The Earth-1 DC Universe and the Marvel Universe were born in the late 50s and early 60s. With the exception of VALIANT in 1991, nothing has ever come close to their scale and impact in "mainstream" American comics. This is not to say nothing new has been created since the 60s. That would obviously be false. It's true that the early-to-mid 90s were full of new universes. However, some (not Jim's!) were derivative. Perhaps inevitably so, because I fear that fan creators may be tempted to recreate the magic of their childhood favorites, unlike Weisinger, Schwartz, Lee, Kirby, and Ditko, who weren't constrained by such sentiments as they moved forward.
By "closed to outsiders," I meant closed to civilian readers. Nonfans. The medium is certainly open to writers with successful track records outside the comics field … generally as long as they cater to insiders — the "less than 100,000" that you mentioned.
I'm surprised that you object to what I wrote since I agree with everything you wrote above. Your Jim Warren anecdote reminds me of a Lee Iacocca anecdote. In 1962, Ford built a concept car, the Mustang I. The fans raved. Iacocca took this as a sign that the car was not appropriate for mass production. The actual Mustang of 1964 was a much more mainstream vehicle and a huge success. One could interpret that story as an argument for mediocrity or watering down. Perhaps, but I don't believe in either of those things. My point is simply that hardcore fan interests do not completely intersect with the interests of the broader audience. The ideal, I think, is to create comics that appeal on multiple levels. Marvel did just that in the 60s. Its stories were devoured by both new readers and MMMS devotees. Now the devotees are creating comics for other devotees.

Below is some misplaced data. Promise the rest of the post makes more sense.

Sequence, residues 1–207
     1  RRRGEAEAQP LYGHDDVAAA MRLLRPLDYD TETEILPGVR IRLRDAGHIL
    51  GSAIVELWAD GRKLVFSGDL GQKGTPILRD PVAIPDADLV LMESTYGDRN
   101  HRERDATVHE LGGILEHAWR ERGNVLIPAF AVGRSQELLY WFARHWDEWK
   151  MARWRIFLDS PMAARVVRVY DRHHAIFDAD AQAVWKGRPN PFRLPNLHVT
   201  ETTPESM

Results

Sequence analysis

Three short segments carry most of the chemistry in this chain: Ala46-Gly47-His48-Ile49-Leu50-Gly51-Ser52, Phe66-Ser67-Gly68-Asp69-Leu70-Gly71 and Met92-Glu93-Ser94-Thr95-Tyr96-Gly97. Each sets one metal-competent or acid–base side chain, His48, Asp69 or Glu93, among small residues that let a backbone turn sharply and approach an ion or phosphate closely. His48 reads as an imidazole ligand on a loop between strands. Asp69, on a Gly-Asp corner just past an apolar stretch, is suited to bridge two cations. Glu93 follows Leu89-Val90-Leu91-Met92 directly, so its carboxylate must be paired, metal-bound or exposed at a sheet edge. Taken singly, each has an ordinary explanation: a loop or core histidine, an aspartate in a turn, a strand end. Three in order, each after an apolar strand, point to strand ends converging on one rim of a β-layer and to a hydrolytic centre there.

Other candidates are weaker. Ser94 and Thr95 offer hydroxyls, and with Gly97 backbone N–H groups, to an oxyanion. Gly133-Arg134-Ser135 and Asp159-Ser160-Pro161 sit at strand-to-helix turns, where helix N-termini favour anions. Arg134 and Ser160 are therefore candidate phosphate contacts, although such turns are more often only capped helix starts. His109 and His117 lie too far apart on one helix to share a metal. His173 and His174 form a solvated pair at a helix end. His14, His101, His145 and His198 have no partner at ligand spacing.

The lack of respect for characters adds to the "professional fanfic" flavor of modern comics. Fans used to speculate about things that couldn't happen for "real." Now those things can happen. Once-forbidden fanfic fantasies are now meant to create sales spikes.
Congratulations on your sale!
All of the above seconded and applauded. DC & Marvel's head honcho's should be made to read that rant every day until they get it.
I also loved the JLA animated series, couldn't believe how like 'my' JLA it was, with real storytelling!
I should 'fess up 'tho, and admit: I've just sold a script of a well-known character to a major publisher ( not saying who, I'm not here to plug ) and I completely didn't introduce them! Ah well, I'm just starting out, what's the professional writers' excuse?
Great post and comments! I agree to an extent to what is being said. I've recently bought an Astonishing X-Men comic that had "pretty" art but the story telling was awful making it an unpleasant reading experience. And an X-men with art so obscure I couldn't follow it at all.